Minor League Champs

Last September, the Bowling Green Hot Rods, a minor league affiliate of the Tampa Bay Rays, beat the Peoria Chiefs 7-2 to win their first ever Midwest League Championship.

I bring you this critical, though seven-month old, item because one of the themes we are tracking this year is the migration to value-based reimbursement.  Yes, a segue is coming. 

Today, we have a little news from the minor leagues of value-based care.  See the connection?

We’re checking back in on the Accountable Care Organizations (ACOs) participating in the Medicare Shared Savings Program (MSSP). Remember when these ACOs, working in the MSSP model, were going to save us boatloads of money and fix healthcare?  Now, it seems like Single A ball.

If you’ve been reading here long, you know that the ACO/MSSP idea is a favorite punching bag for us.  For all the smoke and heat and light and energy and spending that has been put into this, CMS would have saved more money by simply asking their staff use the other side of the Sticky Notes before reaching for another.  ‘Rounding error’ is a fitting summary for the program’s ‘savings’ to date.

But we look a little deeper today.  It turns out that physician group ACOs record a net positive savings to Medicare, while hospital-integrated ACOs don’t save enough to even cover their bonuses.

Neither saves a ton, but the evidence is clear for physician ACOs.  Those that entered the program in 2012, the first year, saved $474 per Medicare beneficiary in 2015, the last year for which the data is available.  Their hospital counterparts from the same year saved only $169, less than the bonuses they received.

Bowling Green beats Peoria.

Looking at the ACOs that have been in the program longer is the right idea because they’ve had time to bake-in their strategies.  And sure enough, both hospital and physician ACOs get better over time.  But, the doc-driven ACOs start with a better savings and get better faster in subsequent years.

In 2015, the physician group ACOs saved CMS, after bonuses, $256 million dollars.  The hospital-based ACOs were net negative to the cost of the program.

It was a bit humorous to read one analysis, explaining that doc-owned ACOs outperform because they more aggressively cut spending from other providers outside their practice, but the hospital ACOs should be excused because they own all of those downstream providers and can’t be expected to reduce services to their own business units.

So, it is not real savings unless you reduce spending in your own part of the value chain, but if you own all parts of the value chain, you can’t be expected to reduce spending??

You see why we think this model is flawed?

Save the Salt Shakers

It is function of where I am in life that way too many conversations with friends of late include a discussion about aging parents.  We used to talk about potty training tricks, youth sports programs, and when to give your kid a phone, but now it is more about assisted living options, various forms of dementia, and estate planning.  We are cheerful lot, aren’t we?

One of the questions is often about Mom and Dad’s stuff, stuff they have collected and cherished and dusted for decades.  The simple, if harsh, reality is the stuff is not worth the cost of the cardboard boxes you’d have to buy to put it in, much less the hassle of moving it to your basement, only for it become your kid’s problem in 20 years.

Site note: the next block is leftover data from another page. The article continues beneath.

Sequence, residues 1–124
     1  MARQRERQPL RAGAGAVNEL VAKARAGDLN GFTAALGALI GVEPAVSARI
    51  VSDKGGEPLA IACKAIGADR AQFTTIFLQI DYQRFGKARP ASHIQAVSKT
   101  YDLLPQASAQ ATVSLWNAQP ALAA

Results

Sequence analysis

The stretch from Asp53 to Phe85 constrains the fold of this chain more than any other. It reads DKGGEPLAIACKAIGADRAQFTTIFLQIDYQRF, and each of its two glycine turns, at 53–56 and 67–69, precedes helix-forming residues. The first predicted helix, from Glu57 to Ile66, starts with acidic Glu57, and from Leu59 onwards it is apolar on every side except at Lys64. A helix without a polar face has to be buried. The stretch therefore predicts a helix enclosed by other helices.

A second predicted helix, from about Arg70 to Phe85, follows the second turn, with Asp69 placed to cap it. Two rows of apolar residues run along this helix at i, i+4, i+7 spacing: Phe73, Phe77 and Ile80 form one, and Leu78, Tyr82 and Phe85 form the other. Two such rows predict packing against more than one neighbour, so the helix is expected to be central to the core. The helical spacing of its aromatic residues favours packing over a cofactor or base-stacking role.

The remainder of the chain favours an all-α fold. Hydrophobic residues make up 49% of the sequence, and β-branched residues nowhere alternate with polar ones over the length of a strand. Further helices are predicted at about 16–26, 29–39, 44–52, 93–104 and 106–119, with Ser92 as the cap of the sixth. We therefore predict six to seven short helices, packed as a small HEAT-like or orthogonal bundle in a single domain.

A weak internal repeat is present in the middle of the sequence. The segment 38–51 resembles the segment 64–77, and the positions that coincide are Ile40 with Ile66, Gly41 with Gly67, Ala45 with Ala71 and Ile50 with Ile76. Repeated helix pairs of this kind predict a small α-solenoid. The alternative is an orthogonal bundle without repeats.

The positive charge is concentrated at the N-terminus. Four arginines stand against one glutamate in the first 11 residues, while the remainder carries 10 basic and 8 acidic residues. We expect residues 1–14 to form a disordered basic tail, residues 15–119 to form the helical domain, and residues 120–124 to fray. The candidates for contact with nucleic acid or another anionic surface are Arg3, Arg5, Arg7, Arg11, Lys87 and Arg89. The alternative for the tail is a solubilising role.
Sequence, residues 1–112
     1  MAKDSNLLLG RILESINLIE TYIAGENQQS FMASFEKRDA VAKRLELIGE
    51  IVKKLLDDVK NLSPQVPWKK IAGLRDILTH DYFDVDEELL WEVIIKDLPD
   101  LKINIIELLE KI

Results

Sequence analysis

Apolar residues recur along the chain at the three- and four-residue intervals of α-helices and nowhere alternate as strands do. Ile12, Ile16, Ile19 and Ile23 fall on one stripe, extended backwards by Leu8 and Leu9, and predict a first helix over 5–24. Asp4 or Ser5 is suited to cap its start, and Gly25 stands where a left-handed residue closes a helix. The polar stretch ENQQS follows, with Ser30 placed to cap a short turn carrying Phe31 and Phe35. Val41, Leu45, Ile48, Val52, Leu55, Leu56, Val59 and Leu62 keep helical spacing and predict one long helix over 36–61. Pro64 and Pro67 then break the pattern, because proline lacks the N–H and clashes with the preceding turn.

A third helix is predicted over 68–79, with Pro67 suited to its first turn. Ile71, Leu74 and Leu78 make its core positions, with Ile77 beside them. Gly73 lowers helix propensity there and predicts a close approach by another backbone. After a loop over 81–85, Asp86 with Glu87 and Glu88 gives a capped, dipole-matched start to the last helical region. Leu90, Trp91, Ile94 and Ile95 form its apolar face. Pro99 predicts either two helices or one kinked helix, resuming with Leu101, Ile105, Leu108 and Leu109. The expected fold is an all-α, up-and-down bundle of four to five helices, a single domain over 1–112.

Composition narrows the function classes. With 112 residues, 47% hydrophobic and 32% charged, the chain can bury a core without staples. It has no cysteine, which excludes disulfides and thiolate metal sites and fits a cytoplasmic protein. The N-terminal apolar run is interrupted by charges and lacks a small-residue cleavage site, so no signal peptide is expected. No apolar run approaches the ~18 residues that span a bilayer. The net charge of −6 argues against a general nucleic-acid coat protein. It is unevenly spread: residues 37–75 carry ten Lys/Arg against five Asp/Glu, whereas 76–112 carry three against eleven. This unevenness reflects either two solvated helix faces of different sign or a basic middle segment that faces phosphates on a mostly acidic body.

Sentimentality gets in the way of clear thinking.  ‘Mom just loved her salt and pepper shaker collection and had to buy a set on every family vacation.’  Yep, and at $50 a month for the self-storage unit, we’ll just keep buying those smiling Yellowstone bears with three holes in their head over and over again.

I get it…emotional attachments can make it hard to move on.

Like the Medicare Shared Savings Program.    

A bi-partisan group of nine members of Congress sent a letter (and by the way, there is a typo in the 2nd paragraph where $314 million becomes $314 billion…maybe it is not a typo, but Washington math magic) last week to Seema Verma, Administrator of CMS, asking her to reconsider the administration’s plan to change the MSSP rules for ACOs.  CMS wants to make two big changes: new ACOs must move to accepting downside financial risk in two years instead of the current six; and they would share in only 25% of the savings instead of the current 50%. 

CMS says the government is just not getting enough benefit from the program and needs more.  The signers of the letter (you can almost see the hands of the American Hospital Association moving the puppet) say these changes will dissuade new ACOs from stepping into the MSSP game, which must be saved.

Let’s step back and ask, ‘Do we really want to hold on to these knickknacks?’

The authors tout the great success of the MSSP model in producing a net savings for Medicare of $145 million in 2015.  Wow. 

Note that the annual Medicare budget is about $650 billion. We’re talking a 0.02% impact.  Has ever so much time, effort, money and press release ink been spilled to realize so little?

Look, we have a real problem with our spending and if we don’t fix it fast we are not going to like our options.  Messing around on the edges is not getting it done.  Send the salt shakers to Goodwill and let’s get after the bigger solutions.